Spontaneous Chemistry in Cells May Explain the Origins of Life

Eric Sentell

Metastatic Melanoma CellsNational Cancer Institute

Why Does Life Exist?

A surprising, accidental discovery could help answer the age-old question, "Why are we here?"

It's a question with both philosophical and literal dimensions.

Philosophically, the question "Why are we here?" forces us to consider our purpose in life. What should drive us? To what should we devote our lives?

Literally, "Why are we here?" makes us wonder both why and how we exist to ask such philosophical questions. How did life form in the first place? How did the processes of life result in thinking humans?

The chemist Markus Rasler stumbled upon an "impossible chemistry" in living cells.

A Spontaneous "Engine" of Life

Rasler and his research team were studying glycolysis, the process of chemical reactions by which cells break down sugar and release its energy to be used by cells.

They used extremely sensitive techniques to observe every step in the glycolysis process, and they discovered, to their astonishment, that several steps seemed to be happening spontaneously.

Previously, scientists believed that glycolysis required the presence of certain molecules or else it would not occur. Rasler and his team removed some of those molecules, yet the glycolysis happened anyway.

In other words, one of the key "engines" of life can run on its own.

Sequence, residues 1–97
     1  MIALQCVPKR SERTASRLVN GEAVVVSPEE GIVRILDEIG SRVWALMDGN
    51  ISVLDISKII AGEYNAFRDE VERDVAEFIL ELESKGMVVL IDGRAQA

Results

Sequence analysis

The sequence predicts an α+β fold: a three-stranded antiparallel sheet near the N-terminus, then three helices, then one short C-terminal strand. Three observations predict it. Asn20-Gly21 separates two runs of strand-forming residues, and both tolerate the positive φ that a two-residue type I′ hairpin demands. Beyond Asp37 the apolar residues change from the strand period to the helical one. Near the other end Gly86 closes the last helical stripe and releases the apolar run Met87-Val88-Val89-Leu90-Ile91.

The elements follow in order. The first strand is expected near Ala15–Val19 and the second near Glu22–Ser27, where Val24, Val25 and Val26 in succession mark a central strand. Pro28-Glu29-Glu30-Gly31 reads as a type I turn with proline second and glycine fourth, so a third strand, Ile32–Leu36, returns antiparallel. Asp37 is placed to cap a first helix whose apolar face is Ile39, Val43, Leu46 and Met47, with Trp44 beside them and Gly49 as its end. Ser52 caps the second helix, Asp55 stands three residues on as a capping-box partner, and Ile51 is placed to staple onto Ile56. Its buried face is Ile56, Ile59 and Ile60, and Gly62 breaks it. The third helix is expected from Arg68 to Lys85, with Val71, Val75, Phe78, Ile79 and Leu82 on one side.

Chicken or Egg? Engine or Cell?

All theories about how life began struggle with a "chicken or egg" problem.

For cells to function, they need some kind of "engine" or method of transforming food into energy. Cells also need complex processes and chemical reactions to create an "engine."

So which comes first? The engine that powers the cell and its processes, or the cell structures and processes that create the engine?

Rasler's discovery that glycolysis could occur spontaneously and without several supposedly key ingredients and structures strongly suggests that the "engine" may come first.

Rasler's Continued Research

After their initial discovery of spontaneous glycolysis, Rasler and his research team dissolved 12 different chemicals used in glycolysis in pure water. Each chemical was dissolved on its own.

Then they heated the chemical-water mixtures at 70 degrees Celsius (158 degrees Fahrenheit) for five hours, mimicking the conditions near an underwater volcano.

Incredibly, seventeen different chemical reactions, including glycolysis and related processes, began happening in the mixtures.

Next, they added elements that were present in the ancient ocean billions of years ago. When they added iron, the reactions occurred faster and more fully.

Rasler and other researchers have replicated dozens of cellular metabolic processes in their labs, suggesting that ancient life may have begun through spontaneous reactions resulting from the right combination of chemicals existing in the right environment.

From there, life continued to evolve in its complexity. Cells developed more complex chemical processes and "engines," which in turn produced more complex cellular structures, which produced more complex processes and engines, and so on.

Until we became capable of studying the process in a lab.

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